Residue-level coarse-grained (CG) models have become one of the most popular tools in biomolecular simulations in the trade-off between modeling accuracy and computational efficiency. To investigate large-scale biological phenomena in molecular dynamics (MD) simulations with CG models, unified treatments of proteins and nucleic acids, as well as efficient parallel computations, are indispensable. In the GENESIS MD software, we implement several residue-level CG models, covering structure-based and context-based potentials for both well-folded biomolecules and intrinsically disordered regions. An amino acid residue in protein is represented as a single CG particle centered at the Cα atom position, while a nucleotide in RNA or DNA is modeled with three beads. Then, a single CG particle represents around ten heavy atoms in both proteins and nucleic acids. The input data in CG MD simulations are treated as GROMACS-style input files generated from a newly developed toolbox, GENESIS-CG-tool. To optimize the performance in CG MD simulations, we utilize multiple neighbor lists, each of which is attached to a different nonbonded interaction potential in the cell-linked list method. We found that random number generations for Gaussian distributions in the Langevin thermostat are one of the bottlenecks in CG MD simulations. Therefore, we parallelize the computations with message-passing-interface (MPI) to improve the performance on PC clusters or supercomputers. We simulate Herpes simplex virus (HSV) type 2 B-capsid and chromatin models containing more than 1,000 nucleosomes in GENESIS as examples of large-scale biomolecular simulations with residue-level CG models. This framework extends accessible spatial and temporal scales by multi-scale simulations to study biologically relevant phenomena, such as genome-scale chromatin folding or phase-separated membrane-less condensations.
Protein assembly and crowding simulations
Proteins encounter frequent molecular interactions in biological environments. Computer simulations have become an increasingly important tool in providing mechanistic insights into how such interactions in vivo relate to their biological function. The review here focuses on simulations describing protein assembly and molecular crowding effects as two important aspects that are distinguished mainly by how specific and long-lived protein contacts are. On the topic of crowding, recent simulations have provided new insights into how crowding affects protein folding and stability, modulates enzyme activity, and affects diffusive properties. Recent studies of assembly processes focus on assembly pathways, especially for virus capsids, amyloid aggregation pathways, and the role of multivalent interactions leading to phase separation. Also, discussed are technical challenges in achieving increasingly realistic simulations of interactions in cellular environments.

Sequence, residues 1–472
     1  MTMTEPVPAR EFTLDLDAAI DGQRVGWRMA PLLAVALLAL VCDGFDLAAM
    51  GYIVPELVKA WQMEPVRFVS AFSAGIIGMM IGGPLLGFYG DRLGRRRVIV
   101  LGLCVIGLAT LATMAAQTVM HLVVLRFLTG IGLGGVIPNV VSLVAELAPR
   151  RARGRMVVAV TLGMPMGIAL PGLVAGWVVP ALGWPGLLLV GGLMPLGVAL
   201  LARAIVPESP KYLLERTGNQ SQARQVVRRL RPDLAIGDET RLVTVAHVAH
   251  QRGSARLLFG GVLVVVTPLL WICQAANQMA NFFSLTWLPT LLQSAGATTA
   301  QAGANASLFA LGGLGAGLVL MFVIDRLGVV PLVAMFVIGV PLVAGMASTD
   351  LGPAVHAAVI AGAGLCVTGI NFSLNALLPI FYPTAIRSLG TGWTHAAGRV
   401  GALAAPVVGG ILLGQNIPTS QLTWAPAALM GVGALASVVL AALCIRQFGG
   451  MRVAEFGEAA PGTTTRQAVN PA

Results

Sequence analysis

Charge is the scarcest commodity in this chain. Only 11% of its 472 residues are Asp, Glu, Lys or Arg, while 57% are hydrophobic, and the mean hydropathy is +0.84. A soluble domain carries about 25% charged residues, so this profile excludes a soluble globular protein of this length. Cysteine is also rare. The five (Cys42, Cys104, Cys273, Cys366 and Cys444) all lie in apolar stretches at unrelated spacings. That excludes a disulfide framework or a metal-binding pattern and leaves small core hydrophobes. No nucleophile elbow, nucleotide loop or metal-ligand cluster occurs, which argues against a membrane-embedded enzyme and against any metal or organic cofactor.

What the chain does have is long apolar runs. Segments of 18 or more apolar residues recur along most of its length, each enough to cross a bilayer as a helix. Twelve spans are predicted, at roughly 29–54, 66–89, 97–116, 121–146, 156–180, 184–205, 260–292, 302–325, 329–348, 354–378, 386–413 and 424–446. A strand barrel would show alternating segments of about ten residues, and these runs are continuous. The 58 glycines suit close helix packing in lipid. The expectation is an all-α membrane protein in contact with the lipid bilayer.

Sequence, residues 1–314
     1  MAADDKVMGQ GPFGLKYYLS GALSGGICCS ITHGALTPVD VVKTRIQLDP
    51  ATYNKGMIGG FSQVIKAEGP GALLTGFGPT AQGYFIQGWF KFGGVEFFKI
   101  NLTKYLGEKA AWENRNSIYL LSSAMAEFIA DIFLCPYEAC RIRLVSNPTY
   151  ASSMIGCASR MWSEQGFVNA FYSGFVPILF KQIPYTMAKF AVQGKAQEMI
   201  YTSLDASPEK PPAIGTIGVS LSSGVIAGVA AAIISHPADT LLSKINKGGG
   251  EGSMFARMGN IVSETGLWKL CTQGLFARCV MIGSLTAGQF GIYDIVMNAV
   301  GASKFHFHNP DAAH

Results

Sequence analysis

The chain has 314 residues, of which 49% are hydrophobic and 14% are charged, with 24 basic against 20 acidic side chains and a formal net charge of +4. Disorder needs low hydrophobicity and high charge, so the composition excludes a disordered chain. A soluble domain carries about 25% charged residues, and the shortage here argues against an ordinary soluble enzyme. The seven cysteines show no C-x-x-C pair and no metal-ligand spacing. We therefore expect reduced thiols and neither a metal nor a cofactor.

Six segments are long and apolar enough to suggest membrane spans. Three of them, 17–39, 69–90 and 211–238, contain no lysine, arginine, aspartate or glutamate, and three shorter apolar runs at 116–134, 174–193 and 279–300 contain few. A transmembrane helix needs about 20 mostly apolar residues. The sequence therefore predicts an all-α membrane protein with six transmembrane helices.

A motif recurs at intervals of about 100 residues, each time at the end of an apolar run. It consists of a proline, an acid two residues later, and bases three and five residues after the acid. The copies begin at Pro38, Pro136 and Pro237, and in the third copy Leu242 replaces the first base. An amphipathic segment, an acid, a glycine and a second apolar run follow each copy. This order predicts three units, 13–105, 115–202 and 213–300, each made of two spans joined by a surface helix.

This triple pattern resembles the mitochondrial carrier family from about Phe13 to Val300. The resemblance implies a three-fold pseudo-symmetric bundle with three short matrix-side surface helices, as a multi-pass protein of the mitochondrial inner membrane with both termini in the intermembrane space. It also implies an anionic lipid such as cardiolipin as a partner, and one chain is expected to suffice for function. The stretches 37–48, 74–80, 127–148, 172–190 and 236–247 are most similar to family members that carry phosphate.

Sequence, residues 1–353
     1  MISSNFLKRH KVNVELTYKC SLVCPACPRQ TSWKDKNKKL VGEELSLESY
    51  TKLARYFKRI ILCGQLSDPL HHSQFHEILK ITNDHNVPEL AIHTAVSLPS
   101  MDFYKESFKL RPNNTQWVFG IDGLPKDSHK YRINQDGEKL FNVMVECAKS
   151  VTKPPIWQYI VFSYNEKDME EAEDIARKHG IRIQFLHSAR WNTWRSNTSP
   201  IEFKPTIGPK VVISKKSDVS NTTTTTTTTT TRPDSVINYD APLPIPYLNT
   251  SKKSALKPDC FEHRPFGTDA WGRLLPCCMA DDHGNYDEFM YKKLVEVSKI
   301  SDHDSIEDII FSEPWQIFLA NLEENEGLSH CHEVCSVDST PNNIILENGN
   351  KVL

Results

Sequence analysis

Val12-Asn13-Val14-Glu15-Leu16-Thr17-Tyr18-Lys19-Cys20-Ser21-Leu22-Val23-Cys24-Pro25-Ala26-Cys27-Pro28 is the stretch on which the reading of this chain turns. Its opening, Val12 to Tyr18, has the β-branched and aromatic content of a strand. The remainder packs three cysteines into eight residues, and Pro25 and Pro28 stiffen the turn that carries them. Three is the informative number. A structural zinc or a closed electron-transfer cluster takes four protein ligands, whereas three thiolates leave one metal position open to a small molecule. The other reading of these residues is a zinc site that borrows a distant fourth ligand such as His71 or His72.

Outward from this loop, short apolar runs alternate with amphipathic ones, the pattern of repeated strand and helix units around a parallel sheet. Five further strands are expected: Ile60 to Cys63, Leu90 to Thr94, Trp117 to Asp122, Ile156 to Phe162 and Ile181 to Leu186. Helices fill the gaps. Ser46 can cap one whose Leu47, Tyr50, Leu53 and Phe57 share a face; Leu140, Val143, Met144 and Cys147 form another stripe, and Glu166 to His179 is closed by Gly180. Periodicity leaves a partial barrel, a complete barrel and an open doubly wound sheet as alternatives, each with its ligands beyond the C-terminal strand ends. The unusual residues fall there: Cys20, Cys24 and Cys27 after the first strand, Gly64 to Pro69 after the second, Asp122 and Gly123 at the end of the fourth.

The inherent flexibility of receptor binding domains in SARS-CoV-2 spike protein
Spike (S) protein is the primary antigenic target for neutralization and vaccine development for the severe acute respiratory syndrome coronavirus 2 (SARS-CoV-2). It decorates the virus surface and undergoes large motions of its receptor binding domains (RBDs) to enter the host cell. Here, we observe Down, one-Up, one-Open, and two-Up-like structures in enhanced molecular dynamics simulations, and characterize the transition pathways via inter-domain interactions. Transient salt-bridges between RBDA and RBDC and the interaction with glycan at N343B support RBDA motions from Down to one-Up. Reduced interactions between RBDA and RBDB in one-Up induce RBDB motions toward two-Up. The simulations overall agree with cryo-electron microscopy structure distributions and FRET experiments and provide hidden functional structures, namely, intermediates along Down-to-one-Up transition with druggable cryptic pockets as well as one-Open with a maximum exposed RBD. The inherent flexibility of S-protein thus provides essential information for antiviral drug rational design or vaccine development.
Weight average approaches for predicting dynamical properties of biomolecules
Recent advances in atomistic molecular dynamics (MD) simulations of biomolecules allow us to explore their conformational spaces widely, observing large-scale conformational fluctuations or transitions between distinct structures. To reproduce or refine experimental data using MD simulations, structure ensembles, which are characterized by multiple structures and their statistical weights on the rugged free-energy landscapes, are often used. Here, we summarize weight average approaches for various experimental measurements. Weight average approaches are now applied to hybrid quantum mechanics/molecular mechanics MD simulations to predict fast vibrational motions in a protein with a high accuracy for better understanding of molecular functions from atomic structures.